Research Methods Guide: Data Analysis

Tools for Analyzing Survey Data

  • Excel
  • R (open source)
  • SAS 
  • SPSS 
  • Stata 
  • DataCracker (free up to 100 responses per survey)
  • SurveyMonkey (free up to 100 responses per survey)

Tools for Analyzing Interview Data

  • AQUAD (open source)
  • R (open source)
  • NVivo 
  • TAMS 
  • Dedoose
  • ATLAS.ti

Data Analysis and Presentation Techniques that Apply to both Survey and Interview Research

  • Create a documentation of the data and the process of data collection.
  • Analyze the data rather than just describing it - use it to tell a story that focuses on answering the research question.
  • Use charts or tables to help the reader understand the data and then highlight the most interesting findings.
  • Don’t get bogged down in the detail - tell the reader about the main themes as they relate to the research question, rather than reporting everything that survey respondents or interviewees said.
  • State that ‘most people said …’ or ‘few people felt …’ rather than giving the number of people who said a particular thing.
  • Use brief quotes where these illustrate a particular point really well.
  • Respect confidentiality - you could attribute a quote to 'a faculty member', ‘a student’, or 'a customer' rather than ‘Dr. Nicholls.'

Survey Data Analysis

  • If you used an online survey, the software will automatically collate the data – you will just need to download the data, for example as a spreadsheet.
  • If you used a paper questionnaire, you will need to manually transfer the responses from the questionnaires into a spreadsheet.  Put each question number as a column heading, and use one row for each person’s answers.  Then assign each possible answer a number or ‘code’.
  • When all the data is present and correct, calculate how many people selected each response.
  • Once you have calculated how many people selected each response, you can set up tables and/or graph to display the data.  This could take the form of a table or chart.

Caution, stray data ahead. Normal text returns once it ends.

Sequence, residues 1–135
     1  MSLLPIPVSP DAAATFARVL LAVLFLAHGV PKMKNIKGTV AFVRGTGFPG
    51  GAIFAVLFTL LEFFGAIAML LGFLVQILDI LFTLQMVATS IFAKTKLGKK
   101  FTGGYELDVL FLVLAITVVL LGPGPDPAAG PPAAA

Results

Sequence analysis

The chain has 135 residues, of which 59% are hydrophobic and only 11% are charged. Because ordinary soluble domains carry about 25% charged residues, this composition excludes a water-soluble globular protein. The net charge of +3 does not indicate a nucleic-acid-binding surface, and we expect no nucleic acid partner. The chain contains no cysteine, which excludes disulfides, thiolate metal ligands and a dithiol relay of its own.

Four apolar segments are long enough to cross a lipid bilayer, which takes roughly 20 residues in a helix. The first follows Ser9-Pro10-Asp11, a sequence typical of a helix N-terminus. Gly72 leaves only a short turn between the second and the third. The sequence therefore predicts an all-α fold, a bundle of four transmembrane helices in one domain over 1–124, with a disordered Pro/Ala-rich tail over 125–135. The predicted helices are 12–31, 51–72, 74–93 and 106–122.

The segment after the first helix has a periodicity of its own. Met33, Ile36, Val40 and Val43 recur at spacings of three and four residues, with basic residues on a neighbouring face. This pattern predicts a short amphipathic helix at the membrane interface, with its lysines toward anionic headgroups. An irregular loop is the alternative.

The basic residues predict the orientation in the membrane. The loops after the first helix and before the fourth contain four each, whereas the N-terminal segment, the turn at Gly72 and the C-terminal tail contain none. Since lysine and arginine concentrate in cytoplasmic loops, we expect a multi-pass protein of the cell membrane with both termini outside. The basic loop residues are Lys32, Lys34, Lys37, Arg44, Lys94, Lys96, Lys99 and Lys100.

• In addition to descriptive statistics that characterize findings from your survey, you can use statistical and analytical reporting techniques if needed.

Interview Data Analysis

  • Data Reduction and Organization: Try not to feel overwhelmed by quantity of information that has been collected from interviews- a one-hour interview can generate 20 to 25 pages of single-spaced text.   Once you start organizing your fieldwork notes around themes, you can easily identify which part of your data to be used for further analysis.
  • Conceptualization: Try to categorize the data into concepts -  you can begin this process asking questions such as:
    • What were the main issues or themes that struck you in this contact / interviewee?"
    • Was there anything else that struck you as salient, interesting, illuminating or important in this contact / interviewee? 
    • What information did you get (or failed to get) on each of the target questions you had for this contact / interviewee?
  • Connection of the data: You can connect data around themes and concepts - then you can show how one concept may influence another.
  • Examination of Relationships: Examining relationships is the centerpiece of the analytic process, because it allows you to move from simple description of the people and settings to explanations of why things happened as they did with those people in that setting.